Dear Chairman Blunt and Ranking Member Murray:
As you prepare to finalize the FY 2018 appropriations process, we request that you restore and increase federal support to our nation’s Historically Black Colleges and Universities (HBCUs). This is a critical time to invest in HBCUs, which collectively enroll more than 300,000 students. HBCUs serve a unique and crucial educational purpose, providing a gateway to the middle class for many first-generation, low-income, and minority Americans. Further, an HBCU education has been the common thread that runs through the stories of many of our nation’s great leaders, innovators, and job creators.
HBCUs make substantial contributions to the nation’s economic strength. A recent report by UNCF found that HBCUs generate $14.8 billion in annual economic impact, as well as over 134,000 jobs, both on-campus and off. Having an HBCU degree lifted the lifetime earnings of their graduates by 56% — or an estimated $927,000 – over what they would have earned without their degree. Increased federal aid will only add to the job creating capacity of these institutions, and support even more students who will be able to reap the benefits of having a degree from an HBCU. We strongly support funds from the bipartisan budget agreement being invested in HBCUs, and ask for an additional investment for HBCU priorities in the final FY 2018 appropriations bill.
While there are many programs across the federal agencies that are important to HBCUs, we want to highlight two of the most pressing HBCU priorities:
Title III, Part B of the Higher Education Act, Strengthening Historically Black Colleges and Universities, is the key program providing institutional support for academic programs, student services, infrastructure, and technology needs at the 101 accredited HBCUs. Because HBCUs have traditionally been under-resourced, this formula-based program provides critical support to daily functions on campus as well as innovative efforts to produce graduates prepared for the modern, global workforce. The House and Senate appropriations bills each freeze discretionary funding at $245 million for the program, but given increasing needs to serve the most economically and academically vulnerable students, additional resources are required. We ask for an increase in funding in the FY 2018 appropriations bill to help bring the program closer to full funding.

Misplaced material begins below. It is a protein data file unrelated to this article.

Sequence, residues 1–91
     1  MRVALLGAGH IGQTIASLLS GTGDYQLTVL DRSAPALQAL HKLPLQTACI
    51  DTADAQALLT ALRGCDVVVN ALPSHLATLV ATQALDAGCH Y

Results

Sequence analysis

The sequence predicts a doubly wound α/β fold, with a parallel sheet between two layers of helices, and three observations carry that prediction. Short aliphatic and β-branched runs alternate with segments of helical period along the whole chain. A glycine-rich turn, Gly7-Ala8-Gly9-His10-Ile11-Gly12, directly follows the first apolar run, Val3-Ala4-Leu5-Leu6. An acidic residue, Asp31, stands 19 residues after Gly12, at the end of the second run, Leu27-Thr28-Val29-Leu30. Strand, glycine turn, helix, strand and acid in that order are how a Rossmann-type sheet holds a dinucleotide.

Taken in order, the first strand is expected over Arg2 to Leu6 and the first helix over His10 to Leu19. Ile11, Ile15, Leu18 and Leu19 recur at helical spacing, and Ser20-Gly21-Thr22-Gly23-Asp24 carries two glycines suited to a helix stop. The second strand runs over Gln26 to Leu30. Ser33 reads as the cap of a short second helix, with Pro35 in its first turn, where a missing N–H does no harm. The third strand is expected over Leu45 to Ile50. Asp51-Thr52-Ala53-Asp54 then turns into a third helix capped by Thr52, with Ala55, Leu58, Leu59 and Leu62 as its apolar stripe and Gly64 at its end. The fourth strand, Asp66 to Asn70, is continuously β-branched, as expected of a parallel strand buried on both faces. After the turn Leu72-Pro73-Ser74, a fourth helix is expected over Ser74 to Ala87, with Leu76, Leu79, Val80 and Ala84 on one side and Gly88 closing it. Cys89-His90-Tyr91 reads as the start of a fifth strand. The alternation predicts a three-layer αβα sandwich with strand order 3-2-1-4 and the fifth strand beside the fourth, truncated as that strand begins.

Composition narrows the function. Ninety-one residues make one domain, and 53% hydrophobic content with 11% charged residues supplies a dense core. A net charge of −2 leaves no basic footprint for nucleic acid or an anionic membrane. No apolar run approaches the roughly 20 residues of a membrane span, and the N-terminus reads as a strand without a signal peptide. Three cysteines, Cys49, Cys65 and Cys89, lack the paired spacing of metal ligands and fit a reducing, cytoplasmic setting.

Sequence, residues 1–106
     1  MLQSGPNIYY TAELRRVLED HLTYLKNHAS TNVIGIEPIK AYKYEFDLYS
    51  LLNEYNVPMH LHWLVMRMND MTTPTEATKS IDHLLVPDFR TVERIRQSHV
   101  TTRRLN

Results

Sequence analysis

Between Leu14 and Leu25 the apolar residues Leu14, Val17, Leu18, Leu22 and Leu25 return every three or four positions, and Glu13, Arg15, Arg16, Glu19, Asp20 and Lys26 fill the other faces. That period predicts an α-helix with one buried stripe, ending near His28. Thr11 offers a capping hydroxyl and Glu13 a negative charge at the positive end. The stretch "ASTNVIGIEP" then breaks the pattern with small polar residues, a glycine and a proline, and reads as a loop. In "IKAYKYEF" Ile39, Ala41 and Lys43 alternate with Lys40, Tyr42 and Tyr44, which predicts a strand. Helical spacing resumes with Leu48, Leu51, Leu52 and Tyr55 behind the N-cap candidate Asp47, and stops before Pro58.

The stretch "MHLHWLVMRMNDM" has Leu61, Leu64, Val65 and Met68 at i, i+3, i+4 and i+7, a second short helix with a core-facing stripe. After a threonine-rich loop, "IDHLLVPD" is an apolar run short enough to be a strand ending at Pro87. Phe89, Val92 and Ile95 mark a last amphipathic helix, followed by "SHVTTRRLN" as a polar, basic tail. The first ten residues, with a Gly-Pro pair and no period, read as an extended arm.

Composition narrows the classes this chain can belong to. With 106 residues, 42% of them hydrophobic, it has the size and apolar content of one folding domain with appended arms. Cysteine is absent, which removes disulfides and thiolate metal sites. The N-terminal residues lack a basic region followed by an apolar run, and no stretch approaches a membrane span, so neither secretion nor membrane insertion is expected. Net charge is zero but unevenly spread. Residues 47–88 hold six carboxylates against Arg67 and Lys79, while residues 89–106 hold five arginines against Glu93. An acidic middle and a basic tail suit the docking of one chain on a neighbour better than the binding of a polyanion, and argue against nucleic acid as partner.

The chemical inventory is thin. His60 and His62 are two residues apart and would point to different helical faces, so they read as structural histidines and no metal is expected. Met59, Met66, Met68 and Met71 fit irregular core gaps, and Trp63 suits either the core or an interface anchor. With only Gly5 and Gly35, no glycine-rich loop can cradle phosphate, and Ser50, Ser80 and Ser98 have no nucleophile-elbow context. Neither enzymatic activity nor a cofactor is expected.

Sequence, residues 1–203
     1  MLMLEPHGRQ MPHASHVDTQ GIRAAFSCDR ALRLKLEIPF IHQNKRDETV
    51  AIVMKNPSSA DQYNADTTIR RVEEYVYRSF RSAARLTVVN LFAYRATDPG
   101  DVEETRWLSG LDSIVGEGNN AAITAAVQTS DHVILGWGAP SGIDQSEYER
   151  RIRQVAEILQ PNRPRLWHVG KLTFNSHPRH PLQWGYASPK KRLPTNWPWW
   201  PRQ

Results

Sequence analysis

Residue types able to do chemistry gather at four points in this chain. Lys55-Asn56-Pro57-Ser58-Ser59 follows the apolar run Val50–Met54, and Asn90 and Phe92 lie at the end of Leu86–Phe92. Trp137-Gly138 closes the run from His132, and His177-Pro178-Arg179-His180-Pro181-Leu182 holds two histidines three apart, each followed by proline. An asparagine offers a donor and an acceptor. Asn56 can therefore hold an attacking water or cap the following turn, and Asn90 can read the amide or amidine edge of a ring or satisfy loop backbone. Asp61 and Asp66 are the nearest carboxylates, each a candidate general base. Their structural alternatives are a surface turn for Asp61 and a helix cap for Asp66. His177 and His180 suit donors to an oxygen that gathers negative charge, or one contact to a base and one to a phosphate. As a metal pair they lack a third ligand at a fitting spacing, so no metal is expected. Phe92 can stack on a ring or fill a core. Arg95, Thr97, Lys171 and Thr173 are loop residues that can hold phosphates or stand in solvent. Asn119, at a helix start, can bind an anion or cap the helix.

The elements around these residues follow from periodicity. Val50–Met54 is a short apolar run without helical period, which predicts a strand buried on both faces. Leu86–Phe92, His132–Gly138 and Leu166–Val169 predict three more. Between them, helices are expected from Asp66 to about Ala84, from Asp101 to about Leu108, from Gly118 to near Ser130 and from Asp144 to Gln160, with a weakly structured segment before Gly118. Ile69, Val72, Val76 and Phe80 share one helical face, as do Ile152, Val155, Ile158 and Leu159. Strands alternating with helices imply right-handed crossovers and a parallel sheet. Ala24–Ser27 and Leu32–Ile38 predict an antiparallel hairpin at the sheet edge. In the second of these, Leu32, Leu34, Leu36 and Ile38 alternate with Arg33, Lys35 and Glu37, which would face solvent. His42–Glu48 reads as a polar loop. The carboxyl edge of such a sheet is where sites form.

HBCU Capital Financing Program:
Despite the important role HBCUs play in higher education, they have struggled financially due to having smaller endowments, less money from alumni giving, and lower levels of federal investment. As a result, the infrastructure of many of these institutions has not kept pace with their growing student bodies and the demands of training students for careers in the 21st century. The HBCU Capital Financing Program provides HBCUs with access to capital financing or refinancing for the repair, renovation, and construction of campus infrastructure. To aid in the effectiveness of this program, we ask that in the FY2018 appropriations bill, that the subcommittee reclassify the escrow account as a bond insurance fund so that public institutions participating in the program have the opportunity to use state funds to pay off loans more quickly.